No thanks to the hunger situation, almost 30 percent of Nigerian children are underweight. Statistics from UNICEF, reveal that Nigeria is facing a crisis of malnutrition and ranks second behind India among all countries with the highest number of stunted children. The figures are daunting. With a population of 180 million, the proportion of the undernourished in total population over the last two years averages 7.0 percent. The number of people undernourished has decreased steadily over the years from 28.0 million in 1990-1992 to 11.2 million in 2000-2002; 2005-2007, 9.3 million; 2010-2012, 10.2 million; 2014-2016, 12.9 million.
However, the reality on ground is that Nigeria is gradually breeding future leaders that may not be able to sustain the economic growth of the country.
GDP year on year growth
In a document recently released by the National Bureau of Statistics for the Nigerian Gross Domestic Product, GDP report for Quarter One 2016, revealed that the nation’s GDP grew by -0.36 percent (year-on-year) in real terms which was lower by 2.47 percent points from growth recorded in the preceding quarter and also lower by 4.32 per cent points from growth recorded in the corresponding quarter of 2015. Quarter on quarter, real GDP slowed by 13.71 percent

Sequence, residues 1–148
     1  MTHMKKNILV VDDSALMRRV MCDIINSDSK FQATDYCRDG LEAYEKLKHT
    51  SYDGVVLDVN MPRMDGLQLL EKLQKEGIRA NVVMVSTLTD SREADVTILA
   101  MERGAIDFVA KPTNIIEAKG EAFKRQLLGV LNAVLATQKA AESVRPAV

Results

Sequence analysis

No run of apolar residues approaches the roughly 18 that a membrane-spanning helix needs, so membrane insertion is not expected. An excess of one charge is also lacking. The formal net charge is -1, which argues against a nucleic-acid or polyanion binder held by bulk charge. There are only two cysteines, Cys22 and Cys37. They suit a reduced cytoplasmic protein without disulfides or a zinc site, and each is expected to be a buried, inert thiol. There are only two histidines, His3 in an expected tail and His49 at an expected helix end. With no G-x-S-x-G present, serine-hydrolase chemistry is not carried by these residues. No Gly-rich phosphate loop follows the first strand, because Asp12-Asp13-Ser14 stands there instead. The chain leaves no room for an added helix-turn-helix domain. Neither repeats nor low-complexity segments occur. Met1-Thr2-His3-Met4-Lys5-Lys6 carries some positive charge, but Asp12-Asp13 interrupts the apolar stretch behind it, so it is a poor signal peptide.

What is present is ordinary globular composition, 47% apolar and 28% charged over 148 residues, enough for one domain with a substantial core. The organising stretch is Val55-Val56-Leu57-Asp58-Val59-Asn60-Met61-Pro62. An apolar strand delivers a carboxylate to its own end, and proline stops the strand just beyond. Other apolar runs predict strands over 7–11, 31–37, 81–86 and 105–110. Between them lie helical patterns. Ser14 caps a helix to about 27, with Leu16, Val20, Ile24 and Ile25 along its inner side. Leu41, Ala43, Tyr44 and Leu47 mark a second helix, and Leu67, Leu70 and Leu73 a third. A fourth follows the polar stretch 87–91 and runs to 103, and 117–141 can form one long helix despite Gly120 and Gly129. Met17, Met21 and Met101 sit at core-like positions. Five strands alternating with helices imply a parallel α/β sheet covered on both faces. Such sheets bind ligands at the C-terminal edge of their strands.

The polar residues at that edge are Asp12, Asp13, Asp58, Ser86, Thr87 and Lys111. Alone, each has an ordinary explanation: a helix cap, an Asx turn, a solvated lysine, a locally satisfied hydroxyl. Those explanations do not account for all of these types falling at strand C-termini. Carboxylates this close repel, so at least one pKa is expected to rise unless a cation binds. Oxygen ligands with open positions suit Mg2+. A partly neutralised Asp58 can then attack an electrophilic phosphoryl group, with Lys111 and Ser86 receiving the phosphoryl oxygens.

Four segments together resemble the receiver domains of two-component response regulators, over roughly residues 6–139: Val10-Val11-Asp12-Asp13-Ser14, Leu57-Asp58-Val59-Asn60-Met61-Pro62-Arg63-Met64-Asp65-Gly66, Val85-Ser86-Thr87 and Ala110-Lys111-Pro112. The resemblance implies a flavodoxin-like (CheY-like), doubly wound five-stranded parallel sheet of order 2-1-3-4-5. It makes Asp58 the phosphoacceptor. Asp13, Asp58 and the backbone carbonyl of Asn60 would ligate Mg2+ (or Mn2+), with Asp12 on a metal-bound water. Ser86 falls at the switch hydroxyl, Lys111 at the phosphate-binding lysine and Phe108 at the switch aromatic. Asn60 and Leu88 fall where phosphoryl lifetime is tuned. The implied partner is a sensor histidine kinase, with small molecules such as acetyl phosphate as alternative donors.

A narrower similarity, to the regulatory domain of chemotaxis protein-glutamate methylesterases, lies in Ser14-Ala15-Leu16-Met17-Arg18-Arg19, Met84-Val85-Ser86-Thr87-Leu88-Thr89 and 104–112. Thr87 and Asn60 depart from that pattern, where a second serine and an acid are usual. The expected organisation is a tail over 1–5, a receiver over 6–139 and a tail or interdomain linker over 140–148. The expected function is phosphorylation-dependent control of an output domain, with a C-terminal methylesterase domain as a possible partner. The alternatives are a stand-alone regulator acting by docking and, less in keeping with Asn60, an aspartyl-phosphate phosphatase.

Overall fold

According to the World Food Programme, WFP, not only is Nigeria a food deficit country, it is currently the world’s second largest importer of rice after China and Africa’s largest importer of rice, importing over 3000 metric tonnes per annum costing over N517 billion. Data from statista.com identified Nigeria as the second highest importer of rice following China, “In term of metric tons, China with population of 1.3 billion imported 4,700 while Nigeria with 170 million people next China with 3,000.
Due to free fall in Naira and drop in crude price, the cost of food has skyrocketed. A survey carried out by Vanguard showed that a bag of rice (50kg) sells for between N18,000 and N20,000. A basket of tomatoes which sold for between N18,000 and N20,000 in April, now goes for N35,000-N40,000 and a small bag of pepper is now N7,000. Gari (rubber paint) that was N250 now goes for N550.
Also, a live cow that was N150,000 before is now N300,000 and a kilo of meat goes for N1,500, against N700.
One derica of beans now goes for N200 against N130 early this year, while a carton of groundnut oil (3-litre kegs) which usually sold for N6,000, now sells for N10,000.